A Nye County Sheriff’s patrol sergeant was stealing thousands of dollars worth of prescription medication from his own department since at least October, according to formal charging documents filed against Sgt. Michael Horn on Friday.
Horn faces six criminal counts, including five felony charges, related to the thefts. The official charges the district attorney’s office will pursue are: oppression under color of office, a gross misdemeanor; misconduct of a public officer, a Category E felony; theft against a person 60 years of age or older, a Category C felony; theft, a Category B felony; possession of a controlled substance, a Category E felony; and, fraudulent appropriation of property, a Category D felony.
Released alongside the criminal complaint were previously unreleased police reports detailing the sting that landed Horn in jail on Jan. 25 and then on paid administrative leave.
New details emerging from the reports include that Horn allegedly pilfered nearly $24,000 worth of morphine sulfate pills from a cache of medication given to him to dispose of in October by a caregiver whose patient was entering hospice care. The patient died shortly afterward. Investigators found multiple pill bottles with her name on them inside Horn’s squad car when he was arrested.
Horn’s brazen attempt to use his badge and his authority as a sergeant to get his hands on narcotics while on duty eventually led to his downfall.
The main police report on the matter confirmed earlier reports detailing the investigation. The report states that one of Horn’s subordinates became suspicious of his behavior when he offered to take a call to pick up prescription drugs and dispose of them. The subordinate was in the area of the call and told him she would take it. After returning to her patrol duties, the subordinate told investigators that she was repeatedly called by Horn to come to the station and turn the drugs into him. She told him she would turn them into a locked evidence locker where an NCSO volunteer would dispose of them as per his normal duties. Horn “directed her that she would not do so, and would turn the pills over to him,” according to the report.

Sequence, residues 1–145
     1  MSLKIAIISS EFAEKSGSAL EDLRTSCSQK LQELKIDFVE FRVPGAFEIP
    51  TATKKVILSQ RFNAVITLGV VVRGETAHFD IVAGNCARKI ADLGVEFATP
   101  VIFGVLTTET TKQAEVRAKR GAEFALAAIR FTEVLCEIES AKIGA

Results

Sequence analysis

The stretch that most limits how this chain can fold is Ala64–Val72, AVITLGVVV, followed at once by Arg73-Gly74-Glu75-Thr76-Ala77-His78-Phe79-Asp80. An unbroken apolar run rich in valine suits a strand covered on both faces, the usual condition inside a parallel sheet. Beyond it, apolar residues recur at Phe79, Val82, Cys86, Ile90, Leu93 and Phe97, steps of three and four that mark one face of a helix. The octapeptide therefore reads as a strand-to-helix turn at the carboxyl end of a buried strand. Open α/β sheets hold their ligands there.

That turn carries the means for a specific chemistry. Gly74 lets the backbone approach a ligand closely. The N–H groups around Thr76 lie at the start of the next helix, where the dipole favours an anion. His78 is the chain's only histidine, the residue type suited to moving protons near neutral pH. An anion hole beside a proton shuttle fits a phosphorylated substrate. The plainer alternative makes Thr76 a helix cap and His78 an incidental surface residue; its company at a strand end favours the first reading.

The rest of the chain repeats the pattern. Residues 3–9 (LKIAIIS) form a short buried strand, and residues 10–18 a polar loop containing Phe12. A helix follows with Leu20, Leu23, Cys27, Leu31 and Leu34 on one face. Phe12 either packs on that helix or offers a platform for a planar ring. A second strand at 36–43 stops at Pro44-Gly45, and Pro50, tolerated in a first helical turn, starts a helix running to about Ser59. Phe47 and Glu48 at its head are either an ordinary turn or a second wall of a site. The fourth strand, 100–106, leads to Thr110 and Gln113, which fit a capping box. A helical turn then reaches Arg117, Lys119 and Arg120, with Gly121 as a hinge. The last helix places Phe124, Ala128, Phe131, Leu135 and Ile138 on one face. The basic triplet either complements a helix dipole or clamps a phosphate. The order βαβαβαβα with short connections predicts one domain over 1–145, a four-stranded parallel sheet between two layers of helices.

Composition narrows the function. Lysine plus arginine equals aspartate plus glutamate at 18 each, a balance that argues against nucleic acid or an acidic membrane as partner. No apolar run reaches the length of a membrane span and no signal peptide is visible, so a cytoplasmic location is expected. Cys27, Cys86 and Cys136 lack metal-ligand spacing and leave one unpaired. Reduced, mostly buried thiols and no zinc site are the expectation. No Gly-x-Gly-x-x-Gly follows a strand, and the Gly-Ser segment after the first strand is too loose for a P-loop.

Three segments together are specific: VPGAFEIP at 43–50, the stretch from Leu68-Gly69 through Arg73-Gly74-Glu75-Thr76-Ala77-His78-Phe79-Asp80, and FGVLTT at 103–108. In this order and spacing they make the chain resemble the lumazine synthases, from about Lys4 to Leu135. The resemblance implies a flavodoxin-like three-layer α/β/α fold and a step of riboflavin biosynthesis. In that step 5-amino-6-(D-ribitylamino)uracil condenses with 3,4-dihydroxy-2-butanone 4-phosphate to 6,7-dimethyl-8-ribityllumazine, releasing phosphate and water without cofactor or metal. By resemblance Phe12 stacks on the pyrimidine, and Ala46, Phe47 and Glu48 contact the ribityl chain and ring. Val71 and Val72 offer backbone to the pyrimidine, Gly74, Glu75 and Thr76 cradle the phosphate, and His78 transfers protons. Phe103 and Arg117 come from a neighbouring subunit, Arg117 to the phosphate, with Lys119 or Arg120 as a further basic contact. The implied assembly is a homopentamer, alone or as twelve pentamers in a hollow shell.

Before obeying that order, however, the subordinate reportedly took a break at her residence and from there called a Nye County Law Enforcement Association representative who also is a narcotics investigator. The narcotics officer told the subordinate she should obey Horn’s order, but not before marking two pill bottles, counting the pills inside them — 18 hydrocodone and 60 morphine pills — and then photographing them. The subordinate then placed the narcotics in an evidence bag, which she stapled shut several times, before delivering the package to Horn, who was evidently in a rush to get his hands on the drugs.
In a supplemental report filed by her as part of the investigation, the subordinate reported that Horn not only called her repeatedly but at one point texted her “OMG Gawd Chica! R U enroute yet =),” a message to which she did not respond.
Meanwhile, the narcotics officer called the NCSO volunteer in charge of the department’s prescription medication collection and disposal program. The volunteer described how he normally collects the drugs, locks them away until he has enough to take them to the county landfill for disposal. The volunteer mentioned that he had to alter the way he stored the drugs in the last year because some medication began turning up missing.
“(The volunteer) stated that he used to collect the prescriptions and keep them in his office until destruction, but that he noticed that pills were missing on occasion and that certain types of pills were disappearing, which prompted him to start holding the collected prescriptions in evidence. (The volunteer) also stated that Sgt. Horn had volunteered to help him with the prescription disposals about a year or more ago,” the report states.
When the narcotics officer later checked the supply room where Horn normally left medication for the volunteer to dispose of, the narcotics officer discovered the 18 hydrocodone pills were there, but the 60 morphine pills were not.